Spending review brings end to convergence funding battle

Scottish farmers are set to benefit from an additional £160m of support after the government pledged to fulfil a Boris Johnson campaign pledge to return convergence funding.

Scottish farmers and politicians were outraged in 2013 when EU money allocated to Scotland was retained by the Westminster government, and they have been campaigning ever since to see it returned.

The announcement came today (4 September) as part of Chancellor Sajid Javid’s first spending review in which he also allocated additional cash to Defra and pledged that no government department would see funds cut in the next financial year.

See also: Johnson promises Scots will receive £160m convergence funding

The extra cash is widely seen as an attempt to blunt Labour accusations that the Tories are the party of austerity, ahead of an all-but-certain general election before the end of the year.

Changes in England include an additional £20m to support delivery of the Agriculture Bill and other replacements for the EU Common Agriculture Policy.

Livestock farmers are set to benefit from an additional £8m of funding to combat antimicrobial resistance and bovine TB, and there will be almost £5m extra for the Food Standards Agency to help maintain food safety and standards after Brexit.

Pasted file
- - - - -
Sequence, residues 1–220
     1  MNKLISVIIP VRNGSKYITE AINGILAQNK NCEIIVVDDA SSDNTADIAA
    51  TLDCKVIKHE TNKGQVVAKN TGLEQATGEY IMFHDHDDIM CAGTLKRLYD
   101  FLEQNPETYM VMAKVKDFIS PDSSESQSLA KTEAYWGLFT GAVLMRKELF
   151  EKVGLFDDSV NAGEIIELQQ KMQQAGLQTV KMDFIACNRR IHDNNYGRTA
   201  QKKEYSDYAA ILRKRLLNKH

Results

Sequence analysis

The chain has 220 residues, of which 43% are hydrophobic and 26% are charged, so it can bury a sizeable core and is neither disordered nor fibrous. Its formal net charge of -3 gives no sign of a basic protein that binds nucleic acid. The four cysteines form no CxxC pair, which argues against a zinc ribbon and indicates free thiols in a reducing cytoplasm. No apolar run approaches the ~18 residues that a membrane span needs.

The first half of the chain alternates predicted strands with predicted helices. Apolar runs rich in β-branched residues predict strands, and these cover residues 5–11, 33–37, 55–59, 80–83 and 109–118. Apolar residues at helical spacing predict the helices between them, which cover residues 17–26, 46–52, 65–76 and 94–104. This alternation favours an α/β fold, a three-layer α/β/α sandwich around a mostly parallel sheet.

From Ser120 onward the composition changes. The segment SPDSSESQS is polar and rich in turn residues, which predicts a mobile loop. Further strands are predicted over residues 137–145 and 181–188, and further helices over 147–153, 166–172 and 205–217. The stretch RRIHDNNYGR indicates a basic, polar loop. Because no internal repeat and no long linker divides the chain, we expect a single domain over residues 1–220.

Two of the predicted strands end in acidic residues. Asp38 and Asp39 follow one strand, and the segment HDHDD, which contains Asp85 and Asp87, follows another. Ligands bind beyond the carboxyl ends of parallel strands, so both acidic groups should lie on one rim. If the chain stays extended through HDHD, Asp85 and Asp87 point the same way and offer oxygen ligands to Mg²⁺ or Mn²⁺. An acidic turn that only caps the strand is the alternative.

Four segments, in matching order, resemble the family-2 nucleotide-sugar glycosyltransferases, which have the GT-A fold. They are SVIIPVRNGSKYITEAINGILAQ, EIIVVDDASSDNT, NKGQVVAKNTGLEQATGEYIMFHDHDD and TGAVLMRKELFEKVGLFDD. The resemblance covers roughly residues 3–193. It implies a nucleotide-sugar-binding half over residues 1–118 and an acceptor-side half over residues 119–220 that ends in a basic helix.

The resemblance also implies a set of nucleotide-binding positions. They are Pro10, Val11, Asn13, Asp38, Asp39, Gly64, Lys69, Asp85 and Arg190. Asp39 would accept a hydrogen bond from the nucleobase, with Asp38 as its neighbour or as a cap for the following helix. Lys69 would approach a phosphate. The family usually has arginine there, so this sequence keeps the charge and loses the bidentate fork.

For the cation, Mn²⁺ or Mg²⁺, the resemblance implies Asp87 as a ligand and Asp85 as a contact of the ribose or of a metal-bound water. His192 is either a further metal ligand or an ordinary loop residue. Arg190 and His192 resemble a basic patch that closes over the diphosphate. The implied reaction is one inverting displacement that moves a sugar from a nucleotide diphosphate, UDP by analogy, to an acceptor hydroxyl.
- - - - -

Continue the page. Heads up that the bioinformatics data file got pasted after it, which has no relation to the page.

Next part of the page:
There will also be additional funds for wider environmental improvements, including a £30m increase in funding for air quality and an additional increase to Defra’s general resource budget.

Country Land and Business Association president Tim Breitmeyer said: “Whilst we understand that this review focuses on the next financial year, we still believe that there are a raft of potential supportive measures which have been ignored.

“In the short term we argued [in a letter to the Chancellor last week] for contingency measures to support farming in the case of a no-deal Brexit.

“In the medium to long term, we stressed the need to guarantee the current £3.2bn funding through to the end of the transition period, as well as extra funding for the development and piloting of public goods programmes.”

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